Teachers tend to make their students part of their 150, and I think that is fine, and just possibly not an administrative plot to trap people. In my 20+ years in 4 overseas schools, the idea of administrators trapping us never occurred to me. I think if someone feels trapped, that's not healthy for them; they should push back, find creative ways to get some freedom, or just find somewhere less oppressive.

While in theory, reaching out to an infinite number of people is ideal, put me in the camp that says "Problem? What problem?"

Just sayin'.

05/14/2015 - Guy
As a teacher with over five years international teaching experience I totally disagree with this. I greatly appreciated the efforts of the schools to help me be comfortable in a new and foreign environment. I had some wonderful experiences being introduced to some fascinating places in Morocco, Turkey and Egypt. Cultural integration and awareness was always a big part of the settling in process. I have wonderful memories of this and on a teachers salary I was able to have experiences I could have never been able to afford.
05/13/2015 - cliff
Wow, I retired some years ago after spending over 30 years in International schools. I do not recall the schools or school administrators that I encountered
trying to isolate and keep overseas staff from being part of or learning to underestand and appreicate the local culture and customs. Just the opposite was my experience. Certainly schools supported and protected their staffs, both overseas and local----but
control was not the goal, wellbeing and safety is something that made our staffs better and more productive teachers. And yes, teachers work long hours at every school overseas or in their home country.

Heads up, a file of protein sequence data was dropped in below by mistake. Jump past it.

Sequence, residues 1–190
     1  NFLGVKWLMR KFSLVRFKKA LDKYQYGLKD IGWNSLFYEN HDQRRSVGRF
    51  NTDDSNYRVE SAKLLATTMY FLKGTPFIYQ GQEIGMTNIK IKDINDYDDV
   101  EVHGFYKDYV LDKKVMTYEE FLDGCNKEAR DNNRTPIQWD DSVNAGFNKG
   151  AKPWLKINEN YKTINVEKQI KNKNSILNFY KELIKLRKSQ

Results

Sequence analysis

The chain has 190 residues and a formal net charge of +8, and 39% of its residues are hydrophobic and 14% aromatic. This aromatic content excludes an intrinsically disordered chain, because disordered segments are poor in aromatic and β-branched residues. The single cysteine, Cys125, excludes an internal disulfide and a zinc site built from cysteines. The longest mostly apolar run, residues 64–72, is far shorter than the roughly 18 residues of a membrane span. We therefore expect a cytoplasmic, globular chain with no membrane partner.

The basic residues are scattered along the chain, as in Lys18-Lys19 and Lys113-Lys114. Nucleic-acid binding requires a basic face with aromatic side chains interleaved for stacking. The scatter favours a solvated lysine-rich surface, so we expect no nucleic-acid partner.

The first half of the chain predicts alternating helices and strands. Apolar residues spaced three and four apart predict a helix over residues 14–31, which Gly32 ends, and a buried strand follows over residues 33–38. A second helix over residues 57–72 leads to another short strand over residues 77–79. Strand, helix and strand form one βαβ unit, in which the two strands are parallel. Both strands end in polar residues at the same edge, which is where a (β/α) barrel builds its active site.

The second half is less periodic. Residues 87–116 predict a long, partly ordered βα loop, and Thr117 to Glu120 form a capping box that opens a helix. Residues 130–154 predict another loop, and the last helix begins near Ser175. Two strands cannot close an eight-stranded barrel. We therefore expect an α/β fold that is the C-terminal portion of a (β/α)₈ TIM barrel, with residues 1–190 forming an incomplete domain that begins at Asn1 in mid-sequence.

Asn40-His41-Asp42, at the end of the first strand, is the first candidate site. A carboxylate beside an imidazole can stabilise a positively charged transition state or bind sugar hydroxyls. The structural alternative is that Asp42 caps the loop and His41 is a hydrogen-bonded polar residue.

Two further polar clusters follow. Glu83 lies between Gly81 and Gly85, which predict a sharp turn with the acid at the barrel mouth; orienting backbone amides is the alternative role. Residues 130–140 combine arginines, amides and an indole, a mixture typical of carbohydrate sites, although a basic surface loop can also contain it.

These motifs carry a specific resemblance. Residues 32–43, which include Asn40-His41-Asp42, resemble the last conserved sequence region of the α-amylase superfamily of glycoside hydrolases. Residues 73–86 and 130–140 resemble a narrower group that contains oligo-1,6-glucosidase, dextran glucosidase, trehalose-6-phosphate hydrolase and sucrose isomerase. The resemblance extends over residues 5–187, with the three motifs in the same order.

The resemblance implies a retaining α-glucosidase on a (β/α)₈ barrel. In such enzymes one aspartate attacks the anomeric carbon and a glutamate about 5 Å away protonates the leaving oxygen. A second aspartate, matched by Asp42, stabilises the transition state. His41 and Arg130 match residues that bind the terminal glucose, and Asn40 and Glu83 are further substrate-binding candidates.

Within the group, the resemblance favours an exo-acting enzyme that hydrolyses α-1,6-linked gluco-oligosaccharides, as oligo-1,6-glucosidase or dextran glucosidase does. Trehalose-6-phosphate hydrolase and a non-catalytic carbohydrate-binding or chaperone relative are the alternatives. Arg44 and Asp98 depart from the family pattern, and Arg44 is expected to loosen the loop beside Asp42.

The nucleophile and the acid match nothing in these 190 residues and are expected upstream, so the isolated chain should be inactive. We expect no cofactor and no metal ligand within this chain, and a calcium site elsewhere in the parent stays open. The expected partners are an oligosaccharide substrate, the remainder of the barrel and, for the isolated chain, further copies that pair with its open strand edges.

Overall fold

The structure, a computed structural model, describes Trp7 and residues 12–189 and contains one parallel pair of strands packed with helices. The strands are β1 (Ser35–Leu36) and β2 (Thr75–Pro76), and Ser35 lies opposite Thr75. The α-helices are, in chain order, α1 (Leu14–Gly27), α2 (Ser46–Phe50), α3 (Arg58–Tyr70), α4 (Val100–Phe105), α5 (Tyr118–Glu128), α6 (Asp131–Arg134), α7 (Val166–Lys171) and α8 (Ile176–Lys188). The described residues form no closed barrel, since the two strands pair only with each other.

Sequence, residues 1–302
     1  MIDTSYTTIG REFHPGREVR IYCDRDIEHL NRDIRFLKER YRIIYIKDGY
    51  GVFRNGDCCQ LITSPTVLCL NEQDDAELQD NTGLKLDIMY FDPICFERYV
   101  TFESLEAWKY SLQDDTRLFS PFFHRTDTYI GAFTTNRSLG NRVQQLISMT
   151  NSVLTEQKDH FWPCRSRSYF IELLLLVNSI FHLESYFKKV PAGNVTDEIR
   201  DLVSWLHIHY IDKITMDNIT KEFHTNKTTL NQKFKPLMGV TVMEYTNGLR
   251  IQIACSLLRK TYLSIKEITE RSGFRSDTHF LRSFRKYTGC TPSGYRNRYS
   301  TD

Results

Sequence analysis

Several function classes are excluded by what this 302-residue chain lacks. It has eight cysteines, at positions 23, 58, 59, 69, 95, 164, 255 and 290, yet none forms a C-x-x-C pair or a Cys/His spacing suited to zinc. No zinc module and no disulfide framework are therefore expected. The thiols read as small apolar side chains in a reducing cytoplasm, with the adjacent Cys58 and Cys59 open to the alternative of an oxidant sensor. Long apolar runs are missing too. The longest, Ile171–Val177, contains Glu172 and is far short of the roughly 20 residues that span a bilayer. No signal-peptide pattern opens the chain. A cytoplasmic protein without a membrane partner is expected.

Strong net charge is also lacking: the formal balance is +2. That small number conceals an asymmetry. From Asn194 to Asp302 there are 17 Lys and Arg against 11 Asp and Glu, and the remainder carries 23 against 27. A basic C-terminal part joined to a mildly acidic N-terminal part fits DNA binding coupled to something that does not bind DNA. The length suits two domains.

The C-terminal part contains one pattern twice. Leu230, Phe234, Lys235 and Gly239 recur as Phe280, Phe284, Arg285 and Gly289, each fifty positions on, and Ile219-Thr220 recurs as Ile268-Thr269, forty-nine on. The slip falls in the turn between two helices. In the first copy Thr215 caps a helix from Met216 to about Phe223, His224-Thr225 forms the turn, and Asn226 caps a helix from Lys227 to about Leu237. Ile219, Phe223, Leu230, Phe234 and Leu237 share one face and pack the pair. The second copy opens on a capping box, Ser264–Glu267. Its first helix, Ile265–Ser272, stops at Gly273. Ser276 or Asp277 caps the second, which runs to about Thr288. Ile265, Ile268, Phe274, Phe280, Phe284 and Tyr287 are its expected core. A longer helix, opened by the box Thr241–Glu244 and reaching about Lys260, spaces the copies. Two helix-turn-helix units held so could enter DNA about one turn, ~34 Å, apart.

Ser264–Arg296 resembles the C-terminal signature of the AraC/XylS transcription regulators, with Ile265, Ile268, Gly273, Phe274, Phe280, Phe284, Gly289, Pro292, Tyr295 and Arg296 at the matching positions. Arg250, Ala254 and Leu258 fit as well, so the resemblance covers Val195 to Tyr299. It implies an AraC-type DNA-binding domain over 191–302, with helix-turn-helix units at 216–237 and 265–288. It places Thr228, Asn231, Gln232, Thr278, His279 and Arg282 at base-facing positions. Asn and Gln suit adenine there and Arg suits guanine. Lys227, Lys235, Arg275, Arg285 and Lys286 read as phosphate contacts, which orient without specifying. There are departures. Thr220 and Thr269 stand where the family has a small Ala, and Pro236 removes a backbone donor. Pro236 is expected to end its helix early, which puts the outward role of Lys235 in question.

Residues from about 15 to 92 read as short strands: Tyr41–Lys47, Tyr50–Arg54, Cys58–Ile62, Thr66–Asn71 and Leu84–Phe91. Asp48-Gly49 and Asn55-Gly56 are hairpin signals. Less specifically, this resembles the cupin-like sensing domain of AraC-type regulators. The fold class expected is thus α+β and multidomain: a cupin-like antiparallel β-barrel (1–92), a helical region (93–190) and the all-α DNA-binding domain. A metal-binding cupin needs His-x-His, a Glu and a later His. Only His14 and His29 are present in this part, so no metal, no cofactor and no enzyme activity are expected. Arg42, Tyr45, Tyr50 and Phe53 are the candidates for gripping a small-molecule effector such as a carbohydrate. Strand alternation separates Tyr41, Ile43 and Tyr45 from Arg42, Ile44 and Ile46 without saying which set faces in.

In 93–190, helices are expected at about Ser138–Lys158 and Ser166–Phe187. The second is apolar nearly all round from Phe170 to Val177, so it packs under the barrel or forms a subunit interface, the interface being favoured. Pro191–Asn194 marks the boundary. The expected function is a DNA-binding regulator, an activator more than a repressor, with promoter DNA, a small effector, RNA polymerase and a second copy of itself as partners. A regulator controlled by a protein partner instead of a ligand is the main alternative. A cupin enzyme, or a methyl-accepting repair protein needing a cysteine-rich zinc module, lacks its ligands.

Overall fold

It sounds as if you've had a bad personal experience,but please don't white wash
the International schools and administrators with your negative brush. Max's comments were right on target.
05/13/2015 - Max
I'm not sure if this is one school you are talking about or a mashup of several. If it is your school, you sound unhappy.

I'll offer my views on a few points.

The amount of support that is necessary is obviously tied to the location. Although all places (even the first world) have their quirks and bureaucratic frustrations, some are much worse than others. Survival requires some support. Those are the kinds of places that my career has taken me.

Most of the schools I have been at have offered degrees of support as you have described them. I have never felt like it was so that they could control me or to make sure that I had no contact with the outside world.

At one school I worked at, the director said that his goal was to make life easy for the teachers so that they could do their best in the classroom. If they are worried about their plumbing, the threat of having their electricity being turned off, or having to go to some government offices and figuring out which lines to stand in, then they are not going to be very focused on their classroom.

I appreciate your point that teachers should be learning the local language. I would say that I am one of those rare international teachers who makes an effort to learn the local language beyond greetings and the market level. I feel good about my ability to communicate, although I am no linguist. I have never been able to get my level up to the point I could confdently deal with bureaucracy, a phone company, or a bank. Support is appreciated and often necessary.

In terms of extracurricular activities, schools usually offer them because there are no viable alternatives in the local communities for foreign children (and, yes, sometimes it is babysitting service). I have never heard of a school forcing teachers to run them for other teachers. Some staff members do organize games or leagues, but it has been their choice--again, usually because there is no viable, local alternative.

I would agree with you on the locking up of passports. Fortunately, I have never worked at a school that was afraid of its teachers like that.